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I'm trying to connect to remote powershell from C# .NET WinForms app. My goal is to create my own version of Microsoft PowerShell ISE. So i need a way to execute PowerShell Scripts from my app on Remote Machines. I've created couple of methods and tested it on local machine from my app. If I don't use WSManConnectionInfo and use using (Runspace remoteRunspace = RunspaceFactory.CreateRunspace()) i can execute scripts locally as if it was true powershell (little scripts, usage of variables, output data using ft, fl, do a lot of other things I usually do with powershell. Problem starts when I add WSManConnectionInfo and point it to my Exchange Server instead of using local connection. It seems it's able to execute basic stuff like "get-mailbox" but as soon as i try to pipe things, use some scripting capabilities like $variables it breaks saying it's unsupported.

Similarly I have to disable powershell.AddCommand("out-string"); when not using it locally.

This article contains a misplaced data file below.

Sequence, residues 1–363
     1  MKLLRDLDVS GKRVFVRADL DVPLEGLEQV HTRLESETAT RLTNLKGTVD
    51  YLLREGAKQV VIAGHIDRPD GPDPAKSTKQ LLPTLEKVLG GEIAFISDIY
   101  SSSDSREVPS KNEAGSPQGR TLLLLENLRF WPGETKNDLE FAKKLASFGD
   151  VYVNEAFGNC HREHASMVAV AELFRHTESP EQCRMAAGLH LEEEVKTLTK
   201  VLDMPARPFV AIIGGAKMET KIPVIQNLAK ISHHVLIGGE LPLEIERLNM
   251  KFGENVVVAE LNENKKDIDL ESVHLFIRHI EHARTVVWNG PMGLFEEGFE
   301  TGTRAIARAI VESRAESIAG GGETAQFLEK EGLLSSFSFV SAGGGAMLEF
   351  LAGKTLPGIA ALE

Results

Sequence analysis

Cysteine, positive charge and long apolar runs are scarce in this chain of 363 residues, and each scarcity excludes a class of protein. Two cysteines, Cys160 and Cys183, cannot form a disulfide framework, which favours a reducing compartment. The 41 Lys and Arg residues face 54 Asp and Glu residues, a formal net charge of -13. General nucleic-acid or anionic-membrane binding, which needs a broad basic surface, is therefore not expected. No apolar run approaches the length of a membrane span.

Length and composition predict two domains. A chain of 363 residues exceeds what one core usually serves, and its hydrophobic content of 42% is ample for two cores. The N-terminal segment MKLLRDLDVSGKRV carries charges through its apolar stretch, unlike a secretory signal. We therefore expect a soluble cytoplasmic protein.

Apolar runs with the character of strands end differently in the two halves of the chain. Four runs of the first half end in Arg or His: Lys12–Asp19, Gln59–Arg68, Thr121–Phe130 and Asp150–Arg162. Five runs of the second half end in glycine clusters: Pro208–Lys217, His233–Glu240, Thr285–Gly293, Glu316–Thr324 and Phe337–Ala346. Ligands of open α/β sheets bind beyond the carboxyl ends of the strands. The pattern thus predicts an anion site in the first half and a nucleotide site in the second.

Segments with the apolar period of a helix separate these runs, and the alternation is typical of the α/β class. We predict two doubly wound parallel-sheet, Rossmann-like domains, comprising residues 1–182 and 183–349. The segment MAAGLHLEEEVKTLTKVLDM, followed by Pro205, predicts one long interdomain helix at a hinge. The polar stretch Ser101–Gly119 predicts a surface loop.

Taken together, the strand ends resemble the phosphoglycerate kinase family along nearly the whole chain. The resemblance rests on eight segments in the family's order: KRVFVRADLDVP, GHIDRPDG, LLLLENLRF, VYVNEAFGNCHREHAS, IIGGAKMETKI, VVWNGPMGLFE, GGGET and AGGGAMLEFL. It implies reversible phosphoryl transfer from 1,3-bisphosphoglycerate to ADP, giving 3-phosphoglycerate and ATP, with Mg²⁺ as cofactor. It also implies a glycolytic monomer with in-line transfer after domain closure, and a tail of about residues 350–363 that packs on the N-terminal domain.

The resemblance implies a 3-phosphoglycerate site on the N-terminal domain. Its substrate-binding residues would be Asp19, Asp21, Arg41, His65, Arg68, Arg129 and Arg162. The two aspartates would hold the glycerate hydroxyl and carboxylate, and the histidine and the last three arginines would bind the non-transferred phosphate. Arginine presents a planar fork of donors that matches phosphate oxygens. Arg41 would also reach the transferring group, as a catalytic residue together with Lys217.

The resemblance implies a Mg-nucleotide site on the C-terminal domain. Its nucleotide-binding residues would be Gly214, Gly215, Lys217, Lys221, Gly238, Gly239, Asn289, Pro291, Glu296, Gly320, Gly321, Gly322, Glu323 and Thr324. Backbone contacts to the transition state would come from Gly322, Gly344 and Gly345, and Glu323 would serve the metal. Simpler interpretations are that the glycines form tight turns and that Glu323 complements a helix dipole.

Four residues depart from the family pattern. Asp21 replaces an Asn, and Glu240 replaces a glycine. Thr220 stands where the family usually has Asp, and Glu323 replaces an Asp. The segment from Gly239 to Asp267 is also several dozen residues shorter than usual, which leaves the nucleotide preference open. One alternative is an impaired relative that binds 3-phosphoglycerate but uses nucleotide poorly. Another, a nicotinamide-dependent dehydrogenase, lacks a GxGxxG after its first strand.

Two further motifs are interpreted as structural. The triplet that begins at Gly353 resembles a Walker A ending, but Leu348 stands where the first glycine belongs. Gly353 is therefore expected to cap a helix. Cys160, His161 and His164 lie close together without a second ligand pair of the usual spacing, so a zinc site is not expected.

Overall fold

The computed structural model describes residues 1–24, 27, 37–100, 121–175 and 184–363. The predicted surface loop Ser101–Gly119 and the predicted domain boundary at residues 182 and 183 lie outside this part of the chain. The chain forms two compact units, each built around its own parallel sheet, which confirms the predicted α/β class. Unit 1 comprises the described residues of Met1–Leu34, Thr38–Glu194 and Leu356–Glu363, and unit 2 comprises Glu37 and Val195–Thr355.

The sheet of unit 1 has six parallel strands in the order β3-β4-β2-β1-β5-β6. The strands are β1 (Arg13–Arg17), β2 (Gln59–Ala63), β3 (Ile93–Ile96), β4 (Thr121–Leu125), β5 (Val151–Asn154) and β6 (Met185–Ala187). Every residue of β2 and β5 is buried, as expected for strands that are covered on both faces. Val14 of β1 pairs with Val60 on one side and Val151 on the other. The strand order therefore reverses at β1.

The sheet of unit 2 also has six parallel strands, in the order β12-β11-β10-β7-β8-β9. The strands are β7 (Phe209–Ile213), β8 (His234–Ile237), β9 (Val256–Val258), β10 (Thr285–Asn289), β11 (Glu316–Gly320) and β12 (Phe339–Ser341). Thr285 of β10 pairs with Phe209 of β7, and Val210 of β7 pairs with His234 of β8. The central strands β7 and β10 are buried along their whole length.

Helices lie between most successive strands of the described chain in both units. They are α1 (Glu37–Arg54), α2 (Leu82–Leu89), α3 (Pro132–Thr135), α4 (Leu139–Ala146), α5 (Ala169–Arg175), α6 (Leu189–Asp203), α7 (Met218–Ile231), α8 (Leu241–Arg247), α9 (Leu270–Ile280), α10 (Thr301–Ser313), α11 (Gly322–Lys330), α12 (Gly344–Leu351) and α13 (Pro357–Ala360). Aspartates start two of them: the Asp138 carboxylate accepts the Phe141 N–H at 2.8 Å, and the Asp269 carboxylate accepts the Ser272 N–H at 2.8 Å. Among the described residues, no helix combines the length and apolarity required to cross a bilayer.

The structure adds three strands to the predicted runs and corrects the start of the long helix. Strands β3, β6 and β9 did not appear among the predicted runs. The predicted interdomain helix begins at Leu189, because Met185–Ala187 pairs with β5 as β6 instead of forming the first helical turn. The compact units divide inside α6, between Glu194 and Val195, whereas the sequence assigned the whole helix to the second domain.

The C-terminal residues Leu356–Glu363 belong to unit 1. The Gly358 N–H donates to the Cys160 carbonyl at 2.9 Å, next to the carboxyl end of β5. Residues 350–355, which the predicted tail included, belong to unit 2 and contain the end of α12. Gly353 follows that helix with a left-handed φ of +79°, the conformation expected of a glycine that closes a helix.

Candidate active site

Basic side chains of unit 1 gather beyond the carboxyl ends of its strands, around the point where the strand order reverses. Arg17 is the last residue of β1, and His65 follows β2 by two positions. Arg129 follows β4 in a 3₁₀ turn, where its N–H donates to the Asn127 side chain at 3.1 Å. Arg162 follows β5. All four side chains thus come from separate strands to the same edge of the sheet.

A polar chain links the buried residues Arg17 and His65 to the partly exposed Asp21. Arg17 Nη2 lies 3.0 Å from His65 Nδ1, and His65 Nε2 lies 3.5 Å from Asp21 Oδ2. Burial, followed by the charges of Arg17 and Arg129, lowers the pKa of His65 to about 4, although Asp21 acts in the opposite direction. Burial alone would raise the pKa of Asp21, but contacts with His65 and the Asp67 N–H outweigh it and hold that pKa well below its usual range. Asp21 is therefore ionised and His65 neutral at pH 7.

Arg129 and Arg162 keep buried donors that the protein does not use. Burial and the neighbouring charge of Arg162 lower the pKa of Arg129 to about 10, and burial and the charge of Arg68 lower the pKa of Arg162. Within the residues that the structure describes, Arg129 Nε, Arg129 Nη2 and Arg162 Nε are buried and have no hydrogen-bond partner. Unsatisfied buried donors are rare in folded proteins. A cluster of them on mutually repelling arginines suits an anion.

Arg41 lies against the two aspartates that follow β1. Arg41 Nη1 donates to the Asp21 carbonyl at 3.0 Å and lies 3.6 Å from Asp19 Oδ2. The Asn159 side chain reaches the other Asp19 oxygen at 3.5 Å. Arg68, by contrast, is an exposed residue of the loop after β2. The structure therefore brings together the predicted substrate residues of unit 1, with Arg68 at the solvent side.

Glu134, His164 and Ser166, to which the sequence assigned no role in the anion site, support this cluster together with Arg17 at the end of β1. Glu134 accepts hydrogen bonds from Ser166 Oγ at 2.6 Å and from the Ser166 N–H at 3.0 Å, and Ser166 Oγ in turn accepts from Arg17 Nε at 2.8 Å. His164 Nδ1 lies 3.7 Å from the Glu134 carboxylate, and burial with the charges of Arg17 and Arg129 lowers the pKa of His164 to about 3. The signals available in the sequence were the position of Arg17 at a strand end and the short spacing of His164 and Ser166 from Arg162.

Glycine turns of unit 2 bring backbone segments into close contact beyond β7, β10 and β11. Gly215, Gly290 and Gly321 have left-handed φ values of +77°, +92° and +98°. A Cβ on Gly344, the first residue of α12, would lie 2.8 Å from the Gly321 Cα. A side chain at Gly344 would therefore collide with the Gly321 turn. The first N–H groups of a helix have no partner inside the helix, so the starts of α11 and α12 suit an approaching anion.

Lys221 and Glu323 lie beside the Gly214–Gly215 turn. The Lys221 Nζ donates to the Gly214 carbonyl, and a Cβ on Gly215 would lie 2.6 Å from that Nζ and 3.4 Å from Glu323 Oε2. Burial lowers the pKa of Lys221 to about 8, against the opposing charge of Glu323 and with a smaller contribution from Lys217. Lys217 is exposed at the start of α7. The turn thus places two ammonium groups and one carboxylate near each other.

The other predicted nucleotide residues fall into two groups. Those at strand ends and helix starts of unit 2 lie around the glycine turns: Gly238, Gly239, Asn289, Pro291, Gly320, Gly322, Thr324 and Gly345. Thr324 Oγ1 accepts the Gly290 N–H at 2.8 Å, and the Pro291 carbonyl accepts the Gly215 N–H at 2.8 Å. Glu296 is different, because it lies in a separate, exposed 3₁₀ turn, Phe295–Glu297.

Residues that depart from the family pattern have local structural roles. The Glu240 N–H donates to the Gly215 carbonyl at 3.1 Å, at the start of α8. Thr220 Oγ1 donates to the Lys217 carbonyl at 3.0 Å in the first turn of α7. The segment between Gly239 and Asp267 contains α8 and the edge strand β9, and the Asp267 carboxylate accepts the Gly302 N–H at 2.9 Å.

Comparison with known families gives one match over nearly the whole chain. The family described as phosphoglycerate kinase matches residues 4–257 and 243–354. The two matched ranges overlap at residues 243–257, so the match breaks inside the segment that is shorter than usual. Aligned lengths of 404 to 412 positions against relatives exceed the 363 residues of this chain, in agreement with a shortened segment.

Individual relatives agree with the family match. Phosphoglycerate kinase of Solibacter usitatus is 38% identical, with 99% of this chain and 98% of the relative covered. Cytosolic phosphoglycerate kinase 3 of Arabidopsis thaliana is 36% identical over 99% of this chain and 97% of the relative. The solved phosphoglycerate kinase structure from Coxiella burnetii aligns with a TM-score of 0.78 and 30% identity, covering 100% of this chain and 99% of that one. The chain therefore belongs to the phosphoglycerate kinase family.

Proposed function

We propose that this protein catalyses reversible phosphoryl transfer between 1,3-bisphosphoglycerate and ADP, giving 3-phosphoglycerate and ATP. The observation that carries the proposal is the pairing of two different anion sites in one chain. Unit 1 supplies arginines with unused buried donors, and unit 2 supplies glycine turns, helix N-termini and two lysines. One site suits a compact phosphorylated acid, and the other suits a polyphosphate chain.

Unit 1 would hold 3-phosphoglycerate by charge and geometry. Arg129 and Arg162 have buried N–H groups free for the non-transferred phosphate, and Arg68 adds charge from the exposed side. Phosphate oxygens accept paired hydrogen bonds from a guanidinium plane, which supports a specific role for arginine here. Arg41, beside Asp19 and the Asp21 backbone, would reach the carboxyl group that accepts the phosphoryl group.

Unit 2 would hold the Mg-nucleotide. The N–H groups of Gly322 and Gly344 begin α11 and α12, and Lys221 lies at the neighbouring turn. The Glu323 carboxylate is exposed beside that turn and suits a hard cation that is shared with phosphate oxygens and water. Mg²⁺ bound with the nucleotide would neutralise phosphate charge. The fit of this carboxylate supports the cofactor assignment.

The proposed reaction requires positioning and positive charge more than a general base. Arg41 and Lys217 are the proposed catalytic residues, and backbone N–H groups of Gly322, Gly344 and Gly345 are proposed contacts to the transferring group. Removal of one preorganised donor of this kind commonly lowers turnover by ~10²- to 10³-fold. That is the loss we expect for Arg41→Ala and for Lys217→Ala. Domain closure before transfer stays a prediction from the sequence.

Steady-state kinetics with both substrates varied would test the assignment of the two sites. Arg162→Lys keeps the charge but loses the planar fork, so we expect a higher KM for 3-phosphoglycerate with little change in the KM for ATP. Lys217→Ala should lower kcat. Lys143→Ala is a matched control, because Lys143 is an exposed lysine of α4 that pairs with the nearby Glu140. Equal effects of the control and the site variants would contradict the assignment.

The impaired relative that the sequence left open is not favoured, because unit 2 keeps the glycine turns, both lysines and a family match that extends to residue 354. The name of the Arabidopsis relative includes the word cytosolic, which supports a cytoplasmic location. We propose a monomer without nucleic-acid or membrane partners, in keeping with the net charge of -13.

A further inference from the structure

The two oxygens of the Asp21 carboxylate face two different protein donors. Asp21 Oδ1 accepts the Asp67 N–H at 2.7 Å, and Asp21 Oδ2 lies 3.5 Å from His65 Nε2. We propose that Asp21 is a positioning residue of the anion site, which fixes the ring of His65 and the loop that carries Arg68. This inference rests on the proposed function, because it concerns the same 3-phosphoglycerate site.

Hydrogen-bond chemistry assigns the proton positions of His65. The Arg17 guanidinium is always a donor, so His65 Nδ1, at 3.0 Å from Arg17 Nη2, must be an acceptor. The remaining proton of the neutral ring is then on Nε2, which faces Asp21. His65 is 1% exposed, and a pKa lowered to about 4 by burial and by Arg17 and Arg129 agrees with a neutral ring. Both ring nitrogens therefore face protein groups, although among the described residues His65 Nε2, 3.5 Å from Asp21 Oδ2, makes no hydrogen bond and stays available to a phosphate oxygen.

An unhandled exception of type 'System.Management.Automation.RemoteException' occurred in System.Management.Automation.dll.

Additional information: The term 'Out-String' is not recognized as the name of a cmdlet, function, script file, or operable program. Check the spelling of the name, or if a path was included, verify that the path is correct and try again.

The very same error doesn't appear if I don't force remote connection but simply do it locally. It seems like the SchemaUri is making it very strict to only execute basic commands. I saw other examples where people where using very direct information such us:

powershell.AddCommand("Get-Users");
powershell.AddParameter("ResultSize", count);

But with that approach I would have to define a lot of possible options and I don't want to go thru defining parameters and other stuff. I simply would like to load "script" and execute it just like in PowerShell window.. Here's an example of what I use now.

    public static WSManConnectionInfo PowerShellConnectionInformation(string serverUrl, PSCredential psCredentials)
    {
        var connectionInfo = new WSManConnectionInfo(new Uri(serverUrl), "http://schemas.microsoft.com/powershell/Microsoft.Exchange", psCredentials);
        //var connectionInfo = new WSManConnectionInfo(new Uri(serverUrl), "http://schemas.microsoft.com/powershell", psCredentials);
        connectionInfo.AuthenticationMechanism = AuthenticationMechanism.Basic;